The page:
Do I Have to Disclose My Sexual Orientation to My Boss?

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This is a common question that many LGBT (Lesbian, Gay, Bisexual, Transgender) individuals struggle with in the United States. Essentially, when it comes to your personal life, it’s up to you what you decide to disclose to your boss and co-workers, but there are some strategies you can use to help coming out should you wish to do so. Also in this post, we discuss some laws and policies pertaining specifically to LGBT employment that people in the queer community should be aware of and keep track of in the future.

Gauging Company Culture and Diversity in the Workplace

Many people in the queer community tend to be conservative with the disclosure of their orientation at work, one of the main reasons being that they worry how people around the office might react. It can be especially hard if you work in an environment where it’s unclear if the culture values diversity in the workplace.

In these scenarios, a common tactic is to test the ideological waters of co-workers by bringing up popular news stories related to the topic (perhaps a tweeted executive order banning transgender people from serving in the military) and gauging people’s reactions.

Often, an individual considering coming out at work might confide in a small number of co-workers—their “work friends”—at first, and either leave the process there or slowly come out in waves, person by person. This can help the individual to create a support system at work that might mirror the one they have in their social circles. That kind of support is valuable especially in cases where coming out might be met with harassment or aggression from others in the workplace.

How Can You Be Outed at Work?

There can be certain scenarios out of your control that might cause you to be outed at work. For example, at work functions (like company holiday parties) when everyone brings their partners as plus-ones, you may find yourself in a bind. In this instance, you might have to decide between coming out by bringing your partner, attending alone, or avoiding the event entirely.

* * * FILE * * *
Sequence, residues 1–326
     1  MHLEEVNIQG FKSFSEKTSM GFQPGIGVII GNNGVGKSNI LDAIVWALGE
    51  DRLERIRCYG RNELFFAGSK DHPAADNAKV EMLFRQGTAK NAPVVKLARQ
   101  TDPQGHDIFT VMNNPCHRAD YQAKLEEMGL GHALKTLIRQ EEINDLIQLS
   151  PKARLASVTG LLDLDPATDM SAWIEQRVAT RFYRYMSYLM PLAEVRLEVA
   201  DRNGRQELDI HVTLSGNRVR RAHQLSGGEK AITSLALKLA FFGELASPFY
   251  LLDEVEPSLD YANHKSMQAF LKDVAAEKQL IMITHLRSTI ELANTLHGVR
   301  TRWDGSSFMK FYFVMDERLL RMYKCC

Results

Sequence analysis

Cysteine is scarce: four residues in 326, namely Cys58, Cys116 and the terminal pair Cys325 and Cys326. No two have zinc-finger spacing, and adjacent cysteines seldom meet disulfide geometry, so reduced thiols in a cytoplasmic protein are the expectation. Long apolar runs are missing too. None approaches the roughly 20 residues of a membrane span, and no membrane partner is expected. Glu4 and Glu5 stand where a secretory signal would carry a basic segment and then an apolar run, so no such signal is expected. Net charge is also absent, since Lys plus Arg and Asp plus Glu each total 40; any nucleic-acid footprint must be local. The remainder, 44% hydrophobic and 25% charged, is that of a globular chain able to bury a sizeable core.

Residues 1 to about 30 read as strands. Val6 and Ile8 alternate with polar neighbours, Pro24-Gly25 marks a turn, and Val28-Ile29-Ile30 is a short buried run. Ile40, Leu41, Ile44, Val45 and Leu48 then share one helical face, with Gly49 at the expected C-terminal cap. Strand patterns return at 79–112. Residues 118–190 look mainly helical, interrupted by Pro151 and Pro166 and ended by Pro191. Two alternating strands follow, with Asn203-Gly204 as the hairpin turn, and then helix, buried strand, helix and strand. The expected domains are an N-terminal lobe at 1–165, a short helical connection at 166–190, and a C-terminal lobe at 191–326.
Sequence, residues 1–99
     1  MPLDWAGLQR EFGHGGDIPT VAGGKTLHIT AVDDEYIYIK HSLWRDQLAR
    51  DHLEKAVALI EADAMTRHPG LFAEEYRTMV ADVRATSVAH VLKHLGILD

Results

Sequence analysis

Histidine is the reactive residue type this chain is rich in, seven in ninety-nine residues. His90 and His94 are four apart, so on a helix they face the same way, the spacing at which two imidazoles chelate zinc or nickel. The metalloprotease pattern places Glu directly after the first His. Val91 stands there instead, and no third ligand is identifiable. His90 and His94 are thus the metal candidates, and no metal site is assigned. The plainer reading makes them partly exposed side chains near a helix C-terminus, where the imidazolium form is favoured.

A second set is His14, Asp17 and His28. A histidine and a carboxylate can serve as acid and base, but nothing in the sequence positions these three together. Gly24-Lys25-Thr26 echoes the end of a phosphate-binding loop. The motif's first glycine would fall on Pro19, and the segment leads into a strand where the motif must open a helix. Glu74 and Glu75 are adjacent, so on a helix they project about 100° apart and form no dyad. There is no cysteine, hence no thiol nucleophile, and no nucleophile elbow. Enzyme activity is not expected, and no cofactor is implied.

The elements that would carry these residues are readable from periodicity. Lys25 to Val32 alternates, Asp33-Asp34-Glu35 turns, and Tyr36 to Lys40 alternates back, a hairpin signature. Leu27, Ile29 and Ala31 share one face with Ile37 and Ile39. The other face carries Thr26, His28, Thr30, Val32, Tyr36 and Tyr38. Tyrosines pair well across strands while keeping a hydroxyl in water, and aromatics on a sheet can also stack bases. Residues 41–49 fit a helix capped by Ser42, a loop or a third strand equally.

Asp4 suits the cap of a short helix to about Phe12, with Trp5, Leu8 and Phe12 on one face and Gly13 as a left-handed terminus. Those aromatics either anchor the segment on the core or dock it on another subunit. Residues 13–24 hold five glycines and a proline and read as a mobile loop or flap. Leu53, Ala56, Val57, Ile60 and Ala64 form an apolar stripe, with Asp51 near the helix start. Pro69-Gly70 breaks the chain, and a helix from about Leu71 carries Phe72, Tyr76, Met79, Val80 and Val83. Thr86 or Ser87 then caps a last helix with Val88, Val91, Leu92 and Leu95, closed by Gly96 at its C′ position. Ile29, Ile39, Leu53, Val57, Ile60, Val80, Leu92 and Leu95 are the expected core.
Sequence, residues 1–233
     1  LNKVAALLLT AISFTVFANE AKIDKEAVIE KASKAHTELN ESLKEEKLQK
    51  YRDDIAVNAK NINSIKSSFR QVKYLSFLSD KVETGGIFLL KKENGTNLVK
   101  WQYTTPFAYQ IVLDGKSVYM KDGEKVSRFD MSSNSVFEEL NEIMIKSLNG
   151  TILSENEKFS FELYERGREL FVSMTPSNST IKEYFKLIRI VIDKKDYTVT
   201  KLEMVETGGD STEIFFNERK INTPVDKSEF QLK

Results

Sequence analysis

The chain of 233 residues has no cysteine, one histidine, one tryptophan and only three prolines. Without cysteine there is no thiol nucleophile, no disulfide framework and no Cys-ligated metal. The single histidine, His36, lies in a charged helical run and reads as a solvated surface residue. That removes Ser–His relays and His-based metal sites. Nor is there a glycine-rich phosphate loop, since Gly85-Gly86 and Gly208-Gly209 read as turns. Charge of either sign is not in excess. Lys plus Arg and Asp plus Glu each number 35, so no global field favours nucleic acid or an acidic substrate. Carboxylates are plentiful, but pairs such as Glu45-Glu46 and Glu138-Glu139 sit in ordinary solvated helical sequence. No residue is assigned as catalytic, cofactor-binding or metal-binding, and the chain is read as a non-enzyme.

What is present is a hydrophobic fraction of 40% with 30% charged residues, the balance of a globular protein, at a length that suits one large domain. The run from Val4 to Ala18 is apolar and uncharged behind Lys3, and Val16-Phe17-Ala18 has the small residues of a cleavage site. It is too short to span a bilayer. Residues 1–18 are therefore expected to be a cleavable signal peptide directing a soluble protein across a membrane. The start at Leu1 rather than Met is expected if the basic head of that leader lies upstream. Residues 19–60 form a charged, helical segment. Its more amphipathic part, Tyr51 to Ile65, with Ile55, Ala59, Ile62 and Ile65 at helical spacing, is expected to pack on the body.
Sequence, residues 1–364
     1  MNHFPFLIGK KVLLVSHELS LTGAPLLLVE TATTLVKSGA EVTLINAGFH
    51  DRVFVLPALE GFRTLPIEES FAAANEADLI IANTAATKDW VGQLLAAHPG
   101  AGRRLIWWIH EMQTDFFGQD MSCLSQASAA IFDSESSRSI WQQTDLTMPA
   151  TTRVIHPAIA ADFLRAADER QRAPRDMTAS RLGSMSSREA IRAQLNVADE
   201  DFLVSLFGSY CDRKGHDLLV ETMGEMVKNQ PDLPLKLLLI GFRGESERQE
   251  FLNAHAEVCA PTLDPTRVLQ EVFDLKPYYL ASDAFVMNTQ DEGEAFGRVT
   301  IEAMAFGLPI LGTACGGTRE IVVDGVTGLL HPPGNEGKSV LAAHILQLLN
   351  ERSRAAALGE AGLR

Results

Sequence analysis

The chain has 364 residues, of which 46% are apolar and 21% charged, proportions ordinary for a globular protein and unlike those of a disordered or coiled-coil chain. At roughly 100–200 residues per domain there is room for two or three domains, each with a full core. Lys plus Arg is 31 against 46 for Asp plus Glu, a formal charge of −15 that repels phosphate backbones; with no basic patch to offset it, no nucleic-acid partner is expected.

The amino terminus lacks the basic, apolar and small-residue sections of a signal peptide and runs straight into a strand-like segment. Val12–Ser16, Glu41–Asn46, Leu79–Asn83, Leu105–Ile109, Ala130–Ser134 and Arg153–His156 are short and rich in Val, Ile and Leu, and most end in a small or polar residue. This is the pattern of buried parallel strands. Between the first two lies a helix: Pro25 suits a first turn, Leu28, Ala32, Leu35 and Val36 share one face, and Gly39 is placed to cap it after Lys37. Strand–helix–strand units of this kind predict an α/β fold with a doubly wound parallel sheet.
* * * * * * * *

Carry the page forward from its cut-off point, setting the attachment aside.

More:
Another common way your sexual orientation may be disclosed to your boss is when you apply for health benefits.

Once same-sex marriage was legalized in the United States, same-sex couples became entitled to the same marital rights as heterosexual couples including health coverage, life insurance, or pension programs.

If such benefits are offered by your employer and can be extended to your spouse or domestic partner, be aware that it’s likely you’ll be outed to your boss when they see the application.

Facing Discrimination at Work

LGBT+ people worry about their rights at work. Despite executive orders made by President Clinton in 1995 (Executive Order 12968, which included “sexual orientation” for the first time in non-discrimination language) and President Obama in 2014 (Executive Order 13672, which amended previous executive orders to include the protection of non-heterosexual people from discrimination at work), recent administrative policies might be weakening those protections.

For example, in March 2017, the Trump administration rescinded President Obama’s Fair Pay and Safe Workplaces order, which makes it easier for businesses receiving federal contracts to avoid reporting how they comply with labor and civil rights laws. It is speculated that these regulations can affect equal pay initiatives for women and certain protections of LGBT people in workplaces.

In the case of Zarda v. Altitude Express, the Department of Justice (DOJ) filed a brief (in July 2017) to the court of appeals arguing that Title VII of the Civil Rights Act of 1964 (which pertains to workplace discrimination) doesn’t prohibit discrimination based on sexual orientation. The DOJ argues that the protections only extend to sex discrimination where men and women are not treated equally. However, the U.S. Equal Employment Opportunity Commission (EEOC) interprets Title VII as forbidding any discrimination based on sexual orientation or gender identity and enforces those regulations on all private sector employers.

So far, the EEOC’s protections supersede any contrary state or local laws, and the commission’s reach extends past the private sector in the form of various hearings and appeals to protect LGBT employees in the federal sector from discrimination as well. This means that, for the time being, it is likely that an employer discriminating against LGBT employees in any sector will be held accountable. However, these regulations are something queer individuals will have to keep an eye on because, if the Department of Justice is granted the appeal in Zarda v. Altitude Express, the EEOC’s protection against LGBT discrimination could be dismantled.

Staying in the Know

In any event, the current state of the law protects LGBT employees from discrimination and guarantees their right to privacy. This means that what you choose to share about your sexual orientation (and personal life in general) with co-workers and employers is up to you. But it’s still a good idea to keep yourself informed about how LGBT Law may or may not be changing.

For more information about coming out at work, you can have a look at these articles from The Human Rights Campaign and The Telegraph.

Do you have anything to add about coming out at work?

Spencer Knight

Marketing Writer at LawDepot
Spencer Knight is a writer in Edmonton, Alberta. His nonfiction has appeared in Spinal Columns, The Bolo Tie Collective Anthology: Volume I, and filling Station. When he's not writing, he's sleeping.

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